As Utah became a US territory, tensions with Washington DC were frequent. Federal troops were often stationed in Utah, and many Mormons were jailed for polygamy. In 1890, the LDS church officially abandoned polygamy. Utah was ultimately granted statehood in 1896.
Mormonism existed as a kind of fringe religion in US society, but began to greatly expand during the Cold War. Starting in the 1950s, Mormons emphasized the centrality of the United States in their theology, and joined Anti-Communist organizations such as the John Birch Society. As a result of their alliance with the Republican Party and anti-communism, LDS adherents became increasingly accepted and respected in conservative circles.
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Though Mormons had presence in the FBI from its earliest days, in the 1970s after Hoover’s death, their influence y greatly expanded within the bureau. The FBI currently had a recruitment program specifically for LDS members. According to Business Insider:
“Mormon missionaries are valued for their foreign language skills, abstinence from drugs and alcohol, and respect for authority.”
In the 1970s, the Mormons also became very prominent within the CIA. An article from Atlas Obscura cites a report on the CIA: “One 1975 report on the CIA, for instance, included the tidbit that one Mormon-owned PR firm made some “overseas offices available…as cover for Agency employees operating abroad.”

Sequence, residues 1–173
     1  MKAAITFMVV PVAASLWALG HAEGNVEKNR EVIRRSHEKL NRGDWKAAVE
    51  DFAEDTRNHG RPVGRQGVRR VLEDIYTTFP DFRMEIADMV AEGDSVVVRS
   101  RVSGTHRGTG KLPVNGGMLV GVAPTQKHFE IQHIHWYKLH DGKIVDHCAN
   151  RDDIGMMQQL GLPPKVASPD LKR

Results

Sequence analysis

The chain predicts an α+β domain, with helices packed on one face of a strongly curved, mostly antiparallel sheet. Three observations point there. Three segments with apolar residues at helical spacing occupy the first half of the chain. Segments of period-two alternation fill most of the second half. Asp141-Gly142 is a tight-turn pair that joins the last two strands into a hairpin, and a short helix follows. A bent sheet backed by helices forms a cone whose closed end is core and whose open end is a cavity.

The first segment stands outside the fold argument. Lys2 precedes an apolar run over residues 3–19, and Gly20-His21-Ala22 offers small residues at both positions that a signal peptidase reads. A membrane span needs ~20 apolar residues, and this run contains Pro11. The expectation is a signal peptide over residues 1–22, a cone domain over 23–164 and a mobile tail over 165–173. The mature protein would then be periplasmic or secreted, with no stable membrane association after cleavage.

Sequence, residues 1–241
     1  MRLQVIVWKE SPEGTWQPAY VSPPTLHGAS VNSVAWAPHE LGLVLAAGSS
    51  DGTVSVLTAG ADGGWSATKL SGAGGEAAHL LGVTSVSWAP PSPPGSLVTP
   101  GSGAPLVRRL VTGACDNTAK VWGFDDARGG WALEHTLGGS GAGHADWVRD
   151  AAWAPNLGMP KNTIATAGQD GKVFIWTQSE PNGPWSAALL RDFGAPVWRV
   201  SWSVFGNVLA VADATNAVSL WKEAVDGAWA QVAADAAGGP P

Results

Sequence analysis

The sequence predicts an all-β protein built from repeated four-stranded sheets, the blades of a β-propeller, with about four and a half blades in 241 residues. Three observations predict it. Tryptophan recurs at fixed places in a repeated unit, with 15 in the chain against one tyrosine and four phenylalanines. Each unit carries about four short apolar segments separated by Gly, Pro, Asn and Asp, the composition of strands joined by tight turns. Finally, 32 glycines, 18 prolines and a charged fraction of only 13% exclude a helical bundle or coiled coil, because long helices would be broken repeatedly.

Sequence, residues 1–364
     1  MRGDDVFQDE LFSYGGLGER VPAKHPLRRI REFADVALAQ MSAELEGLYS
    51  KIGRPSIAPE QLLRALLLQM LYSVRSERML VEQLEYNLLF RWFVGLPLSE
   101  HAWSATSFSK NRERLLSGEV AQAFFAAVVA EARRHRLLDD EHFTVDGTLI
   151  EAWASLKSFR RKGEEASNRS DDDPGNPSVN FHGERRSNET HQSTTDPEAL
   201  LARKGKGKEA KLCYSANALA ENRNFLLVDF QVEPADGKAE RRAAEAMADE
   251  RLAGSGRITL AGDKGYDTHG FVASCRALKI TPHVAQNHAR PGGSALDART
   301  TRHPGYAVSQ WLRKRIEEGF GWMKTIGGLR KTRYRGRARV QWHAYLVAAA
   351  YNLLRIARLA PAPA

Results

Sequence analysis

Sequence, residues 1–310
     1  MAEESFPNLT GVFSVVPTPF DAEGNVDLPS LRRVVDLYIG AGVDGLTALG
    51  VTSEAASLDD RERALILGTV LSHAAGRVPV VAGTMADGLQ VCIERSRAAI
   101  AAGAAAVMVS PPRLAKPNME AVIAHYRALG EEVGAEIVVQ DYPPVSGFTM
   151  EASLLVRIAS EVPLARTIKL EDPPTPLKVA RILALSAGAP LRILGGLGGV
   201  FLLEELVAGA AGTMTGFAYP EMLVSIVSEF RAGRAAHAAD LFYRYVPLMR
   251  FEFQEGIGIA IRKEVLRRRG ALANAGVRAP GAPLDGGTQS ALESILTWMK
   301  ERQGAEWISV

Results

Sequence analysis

As Mormons collected data for the CIA, and helped provide cover for agents operating abroad, their international missionary work also grew greatly expanded. The religious sect expanded far beyond Utah, with new converts across the world.
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Romney’s decision to cast his vote in favor of removing Trump seems to indicate that the tensions between US President Donald Trump, and a powerful faction within the US intelligence apparatus are still ongoing. . . .
Interestingly, in December, leaks about massive tax fraud facilitated by the LDS Church leadership found their way to America’s front pages. in December. Furthermore, the embarrassing revelation that Romney had set up an alias twitter account in order to praise himself also found its way to the headlines.
It’s very clear that the political influence and power centered around Salt Lake City has a very uncomfortable relationship with the commander-in-chief. A kind of back room conflict is taking place, not between political parties or even between deep state entities, but between the LDS faction and its rivals.
It will be hard to predict how exactly this plays out, especially as the 2020 elections get closer.